Crashstat 2.0 Reveals NYC’S Most Dangerous Intersections

Crashstat_bronx.jpg
Crashstat shows Fordham Rd. in the Bronx to be one of the most dangerous streets in New York City.

For years, Livable Streets advocates have pushed New York City government to make citywide pedestrian and cyclist crash data more accessible to help civic groups and policy makers make more intelligent street design improvement decisions. Rather than waiting for government to come up with a solution, Transportation Alternatives has launched an updated version of its Crashstat.org web site using Google Maps and complete with crash data through 2005. If you want to advocate for traffic-calming and pedestrian and cyclist safety improvements in your neighborhood, this powerful tool will focus your efforts and help you build your case. From TA:

Thousands of pedestrians and bicyclists are injured or killed on NYC streets every year. With the launch of Transportation Alternatives’ newest web resource, Crashstat 2.0, New Yorkers can identify the most dangerous streets in their neighborhood and work for a safer city. This interactive website allows users to search through 11 years of bicycle and pedestrian crashes on easy-to-use Google Maps. Crashstat 2.0 displays 139,227 pedestrian crashes and 44,942 bike crashes.

Crashstat identifies East 33rd Street and Park Avenue in Manhattan as the intersection with the highest number of pedestrian and bicyclist injuries and fatalities in NYC. The intersections with the most crashes in each borough are:

• Manhattan: Park Avenue and East 33rd Street: 156 crashes

• Brooklyn: Eastern Parkway and Utica Avenue: 120 crashes

• The Bronx: East Fordham Road and Webster Avenue: 99 crashes

• Queens: Queens Boulevard and 63rd Road: 72 crashes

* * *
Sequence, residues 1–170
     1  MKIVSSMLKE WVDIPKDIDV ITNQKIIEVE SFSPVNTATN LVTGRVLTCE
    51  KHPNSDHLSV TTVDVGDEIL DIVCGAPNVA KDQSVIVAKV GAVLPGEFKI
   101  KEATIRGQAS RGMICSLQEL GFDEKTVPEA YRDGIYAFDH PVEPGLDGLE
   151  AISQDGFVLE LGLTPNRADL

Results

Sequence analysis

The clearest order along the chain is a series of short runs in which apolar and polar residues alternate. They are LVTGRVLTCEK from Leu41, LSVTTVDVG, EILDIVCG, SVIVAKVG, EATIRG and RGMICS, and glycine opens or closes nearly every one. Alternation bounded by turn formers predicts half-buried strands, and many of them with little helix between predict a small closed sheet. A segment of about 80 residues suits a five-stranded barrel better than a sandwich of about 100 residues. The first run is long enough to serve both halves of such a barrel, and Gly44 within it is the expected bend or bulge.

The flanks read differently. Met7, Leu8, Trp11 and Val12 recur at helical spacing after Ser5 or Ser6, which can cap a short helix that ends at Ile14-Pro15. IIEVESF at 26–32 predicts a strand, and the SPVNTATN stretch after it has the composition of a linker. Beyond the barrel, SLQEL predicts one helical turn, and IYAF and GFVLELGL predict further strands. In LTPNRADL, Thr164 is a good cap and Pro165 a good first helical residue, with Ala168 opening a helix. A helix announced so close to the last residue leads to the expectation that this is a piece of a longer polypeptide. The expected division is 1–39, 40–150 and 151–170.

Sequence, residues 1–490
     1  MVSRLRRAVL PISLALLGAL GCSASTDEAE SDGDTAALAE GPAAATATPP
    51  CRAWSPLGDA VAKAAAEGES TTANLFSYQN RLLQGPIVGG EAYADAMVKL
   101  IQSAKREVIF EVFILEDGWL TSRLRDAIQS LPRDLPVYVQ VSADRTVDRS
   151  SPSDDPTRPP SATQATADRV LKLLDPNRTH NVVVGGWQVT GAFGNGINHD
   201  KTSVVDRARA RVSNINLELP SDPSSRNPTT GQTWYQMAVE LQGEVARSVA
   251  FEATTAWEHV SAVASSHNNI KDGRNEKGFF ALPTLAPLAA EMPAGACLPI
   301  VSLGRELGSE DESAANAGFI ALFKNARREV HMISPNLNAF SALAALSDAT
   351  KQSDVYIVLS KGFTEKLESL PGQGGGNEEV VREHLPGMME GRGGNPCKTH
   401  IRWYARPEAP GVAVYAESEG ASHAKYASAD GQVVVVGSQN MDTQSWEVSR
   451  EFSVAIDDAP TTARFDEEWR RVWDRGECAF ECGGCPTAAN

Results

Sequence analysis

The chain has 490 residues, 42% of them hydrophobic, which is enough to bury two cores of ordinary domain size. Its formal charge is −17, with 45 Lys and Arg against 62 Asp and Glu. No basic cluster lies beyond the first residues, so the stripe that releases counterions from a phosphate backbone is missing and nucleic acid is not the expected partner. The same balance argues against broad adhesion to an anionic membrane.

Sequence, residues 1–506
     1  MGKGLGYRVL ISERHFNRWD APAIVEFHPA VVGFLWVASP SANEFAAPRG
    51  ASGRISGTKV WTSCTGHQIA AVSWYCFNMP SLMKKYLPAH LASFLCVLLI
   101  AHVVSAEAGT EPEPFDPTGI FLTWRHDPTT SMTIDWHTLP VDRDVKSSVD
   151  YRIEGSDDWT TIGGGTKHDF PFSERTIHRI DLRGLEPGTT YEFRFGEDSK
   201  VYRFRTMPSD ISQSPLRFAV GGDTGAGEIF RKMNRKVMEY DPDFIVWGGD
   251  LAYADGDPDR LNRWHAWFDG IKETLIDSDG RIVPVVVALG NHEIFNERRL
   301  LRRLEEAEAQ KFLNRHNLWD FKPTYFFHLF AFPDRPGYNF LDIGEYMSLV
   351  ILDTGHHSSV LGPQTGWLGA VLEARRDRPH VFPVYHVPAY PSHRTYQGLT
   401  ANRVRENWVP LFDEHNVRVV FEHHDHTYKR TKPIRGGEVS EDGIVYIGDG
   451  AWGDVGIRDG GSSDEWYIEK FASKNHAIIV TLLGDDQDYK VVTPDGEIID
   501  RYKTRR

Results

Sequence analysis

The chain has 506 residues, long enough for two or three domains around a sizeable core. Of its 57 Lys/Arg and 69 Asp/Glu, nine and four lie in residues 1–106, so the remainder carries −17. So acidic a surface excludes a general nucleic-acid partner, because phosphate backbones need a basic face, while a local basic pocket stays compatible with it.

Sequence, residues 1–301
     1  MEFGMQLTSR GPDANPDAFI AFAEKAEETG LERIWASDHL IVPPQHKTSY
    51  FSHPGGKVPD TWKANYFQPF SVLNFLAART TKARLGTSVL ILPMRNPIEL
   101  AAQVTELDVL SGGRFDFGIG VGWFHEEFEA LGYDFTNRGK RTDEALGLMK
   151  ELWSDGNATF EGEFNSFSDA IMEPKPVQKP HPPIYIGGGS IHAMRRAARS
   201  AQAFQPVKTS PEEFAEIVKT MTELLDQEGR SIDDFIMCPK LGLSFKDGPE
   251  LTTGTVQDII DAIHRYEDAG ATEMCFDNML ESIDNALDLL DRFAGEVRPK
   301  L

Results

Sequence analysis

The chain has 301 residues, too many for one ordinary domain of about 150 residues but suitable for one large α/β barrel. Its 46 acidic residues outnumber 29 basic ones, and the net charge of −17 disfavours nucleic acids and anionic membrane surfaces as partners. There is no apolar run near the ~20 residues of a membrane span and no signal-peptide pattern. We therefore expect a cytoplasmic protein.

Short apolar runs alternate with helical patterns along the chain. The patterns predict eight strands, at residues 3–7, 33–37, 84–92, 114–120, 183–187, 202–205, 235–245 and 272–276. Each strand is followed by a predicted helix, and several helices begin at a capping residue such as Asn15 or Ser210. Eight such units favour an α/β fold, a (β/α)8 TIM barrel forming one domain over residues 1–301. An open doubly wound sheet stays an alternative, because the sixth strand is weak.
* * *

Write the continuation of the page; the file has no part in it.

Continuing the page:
• Staten Island: Hylan Boulevard and New Dorp Lane: 34 crashes

"Crashstat 2.0 is an indispensable tool for New Yorkers fed up with dangerous streets," says Paul Steely White, Executive Director of Transportation Alternatives. "Anyone with an internet connection and a few minutes to spare can go online, research their streets and win stronger safety measures."

Version 2.0 includes the ability to view crash data by community district, displays community facilities (schools, hospitals, senior centers, etc.) and enables users to search through yearly data between 1995 and 2005. The original version of Crashstat.org ushered in a new era of technology-driven community activism. It launched in 2004 and compiled data from 1997-2002.

  • This is a great resource. Is TA aware if other mapping projects out there, maybe in cities other than NYC?

  • ms nomer

    Bravo to TA for making this critical data accessible and user-friendly!

  • ben

    where does the data come from?

    i was hit by a car on my bike in 2005. the police and EMT were called to the scene and a police report was filed, but the there is no indication of this accident on the map.

  • CrashStat.org

    The data comes from the New York State DMV. Unfortunately this data is incomplete in some aspects, so some crashes for one reason or another do not have any location data associated with them. It is quite possible that your crash was not mappable for this reason.

  • Hilary

    What a great tool – but how disappointing that it leaves off data for parkways and highways. Community boards, the Art Commission, Landmarks, etc. are routinely told by DOT engineers that they have to widen/straighten/otherwise make these roadways even worse because of safety concerns — but never provide actual accident data to back it up or discuss. This is unfortunate, because as you know the public is often in a position to offer better solutions if they can be trusted to understand the problem.

  • It doesn’t seem that 33rd and Park Ave has a dark blue circle – so how is it the worst intersection in the city? What am I missing here?

    Bridge and Tunnel entrance/exits seem to be the worst areas for Fatalities in general. Shopping districts also.

  • Angus Grieve-Smith

    Hilary, CrashStat only gives information for pedestrian and cyclist injuries and fatalities. I’d imagine that almost all of the casualties on parkways and expressways would be drivers and passengers.

  • Hilary

    33rd and Park has the entrance to the Park Ave. tunnel, does it not? This is the example cited by Goldman Sachs and others opposing depressing if not burying roads, which otherwise make life at-grade so much better IMHO.

  • CrashStat.org

    Glenn,

    33rd and Park does have a dark blue circle, but it may be clipped because of the way the tiles are drawn. As we state on our Issues page, this is a known bug which is slated to be fixed (that’s why we’re still in beta! 😉 ).

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